Guide to art exhibitions in Rome's museums and galleries in February 2021.
Museums, palaces and archaeological sites in Rome began reopening on 1 February, following a three-month closure, after the Lazio region was reclassified as a lower-risk 'yellow zone' under Italy's coronavirus restrictions.
Rome's museums are currently open Monday-Friday only, with visiting protocols in place, from wearing masks to keeping social distance, and in most cases advance booking is required. Privately-owned art galleries can open at weekends.
Here is a selection of the best exhibitions on show in Rome during February.
Masakatsu Sashie: Loop
Savinio: Incanto e Mito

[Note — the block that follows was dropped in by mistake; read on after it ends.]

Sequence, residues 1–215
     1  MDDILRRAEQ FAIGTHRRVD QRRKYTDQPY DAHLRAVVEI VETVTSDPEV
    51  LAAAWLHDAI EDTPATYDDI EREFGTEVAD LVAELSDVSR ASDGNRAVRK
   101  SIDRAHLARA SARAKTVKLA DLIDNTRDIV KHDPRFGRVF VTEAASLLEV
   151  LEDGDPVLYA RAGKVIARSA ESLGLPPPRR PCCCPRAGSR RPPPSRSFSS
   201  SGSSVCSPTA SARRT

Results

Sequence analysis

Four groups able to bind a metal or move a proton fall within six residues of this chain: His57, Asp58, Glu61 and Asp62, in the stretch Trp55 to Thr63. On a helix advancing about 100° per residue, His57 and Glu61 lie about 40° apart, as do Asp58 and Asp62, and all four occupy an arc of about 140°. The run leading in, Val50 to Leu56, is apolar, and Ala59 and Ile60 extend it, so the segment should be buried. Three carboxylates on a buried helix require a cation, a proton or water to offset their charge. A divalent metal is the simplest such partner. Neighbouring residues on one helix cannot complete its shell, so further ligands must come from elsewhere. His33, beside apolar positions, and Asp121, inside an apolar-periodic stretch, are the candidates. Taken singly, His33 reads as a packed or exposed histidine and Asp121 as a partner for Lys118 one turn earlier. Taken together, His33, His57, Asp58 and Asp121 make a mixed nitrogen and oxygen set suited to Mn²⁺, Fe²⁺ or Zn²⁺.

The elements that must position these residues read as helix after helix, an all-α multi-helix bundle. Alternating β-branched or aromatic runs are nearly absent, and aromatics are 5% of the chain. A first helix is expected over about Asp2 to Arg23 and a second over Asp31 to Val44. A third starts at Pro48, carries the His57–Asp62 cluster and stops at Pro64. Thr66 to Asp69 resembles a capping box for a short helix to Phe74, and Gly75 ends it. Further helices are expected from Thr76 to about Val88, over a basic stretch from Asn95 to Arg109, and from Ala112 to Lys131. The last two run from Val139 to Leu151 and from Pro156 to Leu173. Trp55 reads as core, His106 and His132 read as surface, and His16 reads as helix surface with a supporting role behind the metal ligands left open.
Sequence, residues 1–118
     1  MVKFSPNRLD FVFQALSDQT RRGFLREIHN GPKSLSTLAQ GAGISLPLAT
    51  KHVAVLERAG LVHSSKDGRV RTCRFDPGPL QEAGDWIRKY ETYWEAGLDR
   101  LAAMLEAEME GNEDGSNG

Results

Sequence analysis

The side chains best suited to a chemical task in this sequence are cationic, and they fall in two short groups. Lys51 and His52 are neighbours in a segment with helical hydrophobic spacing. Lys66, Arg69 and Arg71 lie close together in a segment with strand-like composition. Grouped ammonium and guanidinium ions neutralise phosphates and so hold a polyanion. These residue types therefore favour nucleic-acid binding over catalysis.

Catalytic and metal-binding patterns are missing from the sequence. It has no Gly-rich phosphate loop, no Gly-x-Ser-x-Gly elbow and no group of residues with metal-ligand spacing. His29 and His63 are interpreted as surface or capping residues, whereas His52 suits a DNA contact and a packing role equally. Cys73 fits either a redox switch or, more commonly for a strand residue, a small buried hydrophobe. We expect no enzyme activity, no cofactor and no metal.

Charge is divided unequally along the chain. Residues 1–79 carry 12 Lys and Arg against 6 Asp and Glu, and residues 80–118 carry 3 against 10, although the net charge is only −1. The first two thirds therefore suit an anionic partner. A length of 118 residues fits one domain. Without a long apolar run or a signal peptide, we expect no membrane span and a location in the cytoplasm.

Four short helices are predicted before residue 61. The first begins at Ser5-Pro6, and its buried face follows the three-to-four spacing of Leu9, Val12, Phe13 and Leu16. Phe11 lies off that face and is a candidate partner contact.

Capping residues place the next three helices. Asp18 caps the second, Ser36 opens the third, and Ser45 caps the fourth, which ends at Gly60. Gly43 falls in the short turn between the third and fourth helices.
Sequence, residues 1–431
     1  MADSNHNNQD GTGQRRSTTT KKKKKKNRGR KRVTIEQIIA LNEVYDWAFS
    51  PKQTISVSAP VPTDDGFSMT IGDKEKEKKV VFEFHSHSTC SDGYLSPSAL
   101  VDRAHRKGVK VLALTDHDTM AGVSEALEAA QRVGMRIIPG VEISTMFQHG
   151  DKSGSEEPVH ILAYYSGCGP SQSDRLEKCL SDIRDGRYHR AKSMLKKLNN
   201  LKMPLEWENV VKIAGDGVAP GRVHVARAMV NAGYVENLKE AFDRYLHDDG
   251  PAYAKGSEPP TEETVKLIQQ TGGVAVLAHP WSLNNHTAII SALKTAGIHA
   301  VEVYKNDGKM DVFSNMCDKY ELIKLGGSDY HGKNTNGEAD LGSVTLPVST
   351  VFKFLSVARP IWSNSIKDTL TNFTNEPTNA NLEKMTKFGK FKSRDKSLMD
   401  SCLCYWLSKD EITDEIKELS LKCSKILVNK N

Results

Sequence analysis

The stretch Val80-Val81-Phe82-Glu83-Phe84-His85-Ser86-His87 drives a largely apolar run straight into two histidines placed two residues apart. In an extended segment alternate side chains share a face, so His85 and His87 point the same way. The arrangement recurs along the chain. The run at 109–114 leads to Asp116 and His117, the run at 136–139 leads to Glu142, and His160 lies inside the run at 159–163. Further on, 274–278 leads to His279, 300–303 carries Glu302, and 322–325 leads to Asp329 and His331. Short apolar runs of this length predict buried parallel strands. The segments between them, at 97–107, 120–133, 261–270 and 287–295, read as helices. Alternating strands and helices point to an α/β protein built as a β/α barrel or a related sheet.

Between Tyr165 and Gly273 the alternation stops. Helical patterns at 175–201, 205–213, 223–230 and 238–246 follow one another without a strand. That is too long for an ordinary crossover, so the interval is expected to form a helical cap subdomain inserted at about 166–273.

8 Feb-13 June. Palazzo Altemps provides the magnificent backdrop to this exhibition of works by Alberto Savinio (1891-1952) an intellectual figure whose multiple interests ranged from music to literature, painting and theatre. Savinio, a brother of Giorgio de Chirico, combined ancient and modern, aesthetics and irony, memory and fantasy in his work which is displayed among the museum's collection of classical sculpture. The show features around 90 paintings and prints created mainly between 1925 and 1931 with a particular focus on the artist's years in Paris. Museo Nazionale Romano di Palazzo Altemps, Piazza di S. Apollinare 46, website.
Quadriennale di Roma
The 2020 Quadriennale di Roma, a major showcase of contemporary Italian art in the capital, reopened on 4 February, continuing a tradition begun in Rome in 1931. The 17th edition of the prestigious event, which features the work of 43 artists and offers an "unprecedented perspective" on Italian art, occupies both floors of Palazzo delle Esposizioni on Via Nazionale.